Over the past eight months, improvements have been made toward restoring the memorial, located at the entrance to the MKT Trail off Stadium Boulevard.
Migrating north from the land of Mardi Gras, the flavor of Louisiana Cajun Creole has hit Columbia.
Jazz, a Louisiana Kitchen opened Dec. 14 and serves a variety of authentic New Orleans French Quarter favorites, including gumbo, jambalaya and house specialty, Chicken A La Mer.
Forum 8 has installed new stadium seating in two of its theaters. Forum is one of the latest theaters owned by Goodrich Quality Theaters to have stadium seating installed.
Romano’s Macaroni Grill is scheduled to open Jan. 24 on North Stadium Boulevard.
When disease threatened Missouri’s biggest cash crop, MU researchers realized they had to build a better, stronger soybean.
“Right now we really don’t have any practical way to treat (soybean rust),” said Paul Beuselinck, an MU adjunct professor of agronomy and a member of the National Center for Soybean Biotechnology, located in MU’s Life Sciences Center.
Sheriff-elect Dwayne Carey says the 2005 budget for the Boone County Sheriff’s Department is not much different from previous budgets.
“We have everything in place,” Carey said. “What we have to do is continue the progress the sheriff and the administrative staff have been making over the last 20 years.”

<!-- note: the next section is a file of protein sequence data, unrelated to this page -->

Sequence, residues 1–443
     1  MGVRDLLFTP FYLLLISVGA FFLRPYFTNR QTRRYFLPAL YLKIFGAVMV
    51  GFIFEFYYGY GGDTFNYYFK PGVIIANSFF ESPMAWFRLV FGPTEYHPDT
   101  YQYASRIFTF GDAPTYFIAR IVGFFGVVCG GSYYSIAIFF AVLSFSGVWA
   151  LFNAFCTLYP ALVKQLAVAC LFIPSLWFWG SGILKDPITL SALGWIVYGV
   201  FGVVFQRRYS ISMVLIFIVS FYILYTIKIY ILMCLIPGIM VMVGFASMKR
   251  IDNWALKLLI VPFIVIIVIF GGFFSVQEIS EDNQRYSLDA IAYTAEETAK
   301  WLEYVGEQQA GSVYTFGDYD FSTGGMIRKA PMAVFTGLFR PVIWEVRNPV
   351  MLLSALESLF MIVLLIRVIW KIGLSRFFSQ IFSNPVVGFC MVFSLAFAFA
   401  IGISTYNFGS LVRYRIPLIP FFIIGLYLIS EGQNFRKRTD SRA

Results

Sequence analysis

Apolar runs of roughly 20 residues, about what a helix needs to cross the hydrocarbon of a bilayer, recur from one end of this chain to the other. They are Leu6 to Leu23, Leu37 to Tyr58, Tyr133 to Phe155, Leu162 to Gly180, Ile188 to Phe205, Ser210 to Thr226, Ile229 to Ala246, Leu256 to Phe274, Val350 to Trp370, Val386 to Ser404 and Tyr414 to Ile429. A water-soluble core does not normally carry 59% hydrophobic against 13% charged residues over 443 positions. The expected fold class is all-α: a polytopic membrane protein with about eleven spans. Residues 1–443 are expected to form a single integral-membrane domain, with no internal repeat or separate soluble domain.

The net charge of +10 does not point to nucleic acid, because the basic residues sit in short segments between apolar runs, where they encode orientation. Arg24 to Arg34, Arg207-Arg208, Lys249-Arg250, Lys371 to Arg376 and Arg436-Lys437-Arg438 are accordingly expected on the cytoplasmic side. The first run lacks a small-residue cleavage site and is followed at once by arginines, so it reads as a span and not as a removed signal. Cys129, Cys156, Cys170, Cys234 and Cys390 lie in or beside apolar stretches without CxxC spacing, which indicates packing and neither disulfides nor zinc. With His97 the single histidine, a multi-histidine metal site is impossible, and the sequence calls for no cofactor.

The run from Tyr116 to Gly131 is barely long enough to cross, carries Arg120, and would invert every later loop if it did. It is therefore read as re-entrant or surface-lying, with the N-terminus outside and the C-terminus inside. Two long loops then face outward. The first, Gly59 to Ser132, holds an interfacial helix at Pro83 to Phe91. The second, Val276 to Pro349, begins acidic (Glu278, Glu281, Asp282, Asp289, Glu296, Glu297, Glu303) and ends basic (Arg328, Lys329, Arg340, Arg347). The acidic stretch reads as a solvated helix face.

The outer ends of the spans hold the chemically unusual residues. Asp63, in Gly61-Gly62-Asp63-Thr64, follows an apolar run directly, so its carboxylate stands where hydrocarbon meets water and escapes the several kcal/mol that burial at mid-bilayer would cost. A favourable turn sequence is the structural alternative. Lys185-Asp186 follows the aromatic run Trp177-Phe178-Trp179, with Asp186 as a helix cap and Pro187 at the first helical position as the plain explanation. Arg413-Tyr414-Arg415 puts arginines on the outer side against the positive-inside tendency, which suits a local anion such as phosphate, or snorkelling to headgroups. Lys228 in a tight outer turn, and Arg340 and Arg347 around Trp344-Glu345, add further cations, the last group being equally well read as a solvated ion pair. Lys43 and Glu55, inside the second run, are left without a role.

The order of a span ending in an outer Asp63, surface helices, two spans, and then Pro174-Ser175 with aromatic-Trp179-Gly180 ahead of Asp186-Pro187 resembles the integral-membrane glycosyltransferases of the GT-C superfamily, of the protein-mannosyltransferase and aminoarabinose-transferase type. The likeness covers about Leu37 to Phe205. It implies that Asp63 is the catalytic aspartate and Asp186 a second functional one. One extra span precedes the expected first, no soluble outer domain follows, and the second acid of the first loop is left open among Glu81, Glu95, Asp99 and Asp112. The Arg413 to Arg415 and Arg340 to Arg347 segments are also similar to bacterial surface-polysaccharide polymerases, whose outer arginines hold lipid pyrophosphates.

Telltale flu symptoms — fever, cough, chills and muscle aches — are almost nonexistent to Boone County residents so far this year. Yet members of the Boone County Health Department continue to urge residents to receive their vaccination as the height of flu season approaches.
“We haven’t seen the worst of it at this point,” said Heather Baer, Boone County Health Department spokeswoman. “We really just want to let people know that it is not too late. There’s still time to protect you and your family.”
Public hearings are scheduled for January and February for the annexation of the 1,000 acres east of Columbia that Billy Sapp plans to develop.
Earlier this month, Sapp resubmitted his application to annex the land, and the city declared the application valid. The resubmitted application includes a more detailed description of the area where land borders the city. In the fall, the city asked the developer to identify this area in his application, Sapp spokesman Don Stamper said.
Warming temperatures this week have officials worried about ice safety. The ice might look thick, but no ice in Boone County is safe to walk or skate on now, according to Gale Blomenkamp, division specialist of the Boone County Fire Protection District.
During the last week in Columbia, Blomenkamp had to chase people off thin ice.
In his 20 years as Boone County sheriff, the honors piled up for Ted Boehm. He served longer than any of his predecessors, so the accolades for Boehm, who will retire Friday, seem to know no bounds. Almost.
“I’ll tell you one thing about him,” said Billy Boyce, who helped persuade Boehm to run for office more than 20 years ago, “He stinks at golf.”
Brandy Phillips’ long, sandy-brown hair falls over her back as she sits at a dark brown picnic table with books and papers spread out in front of her. She untangles a playful kitten from a piece of sweater and cuddles him gently in her arms.
“I’ll be able to graduate on time with this program,” Philips said in her soft, child-like voice. “If I was in the regular high school, I wouldn’t have been able to graduate on time.”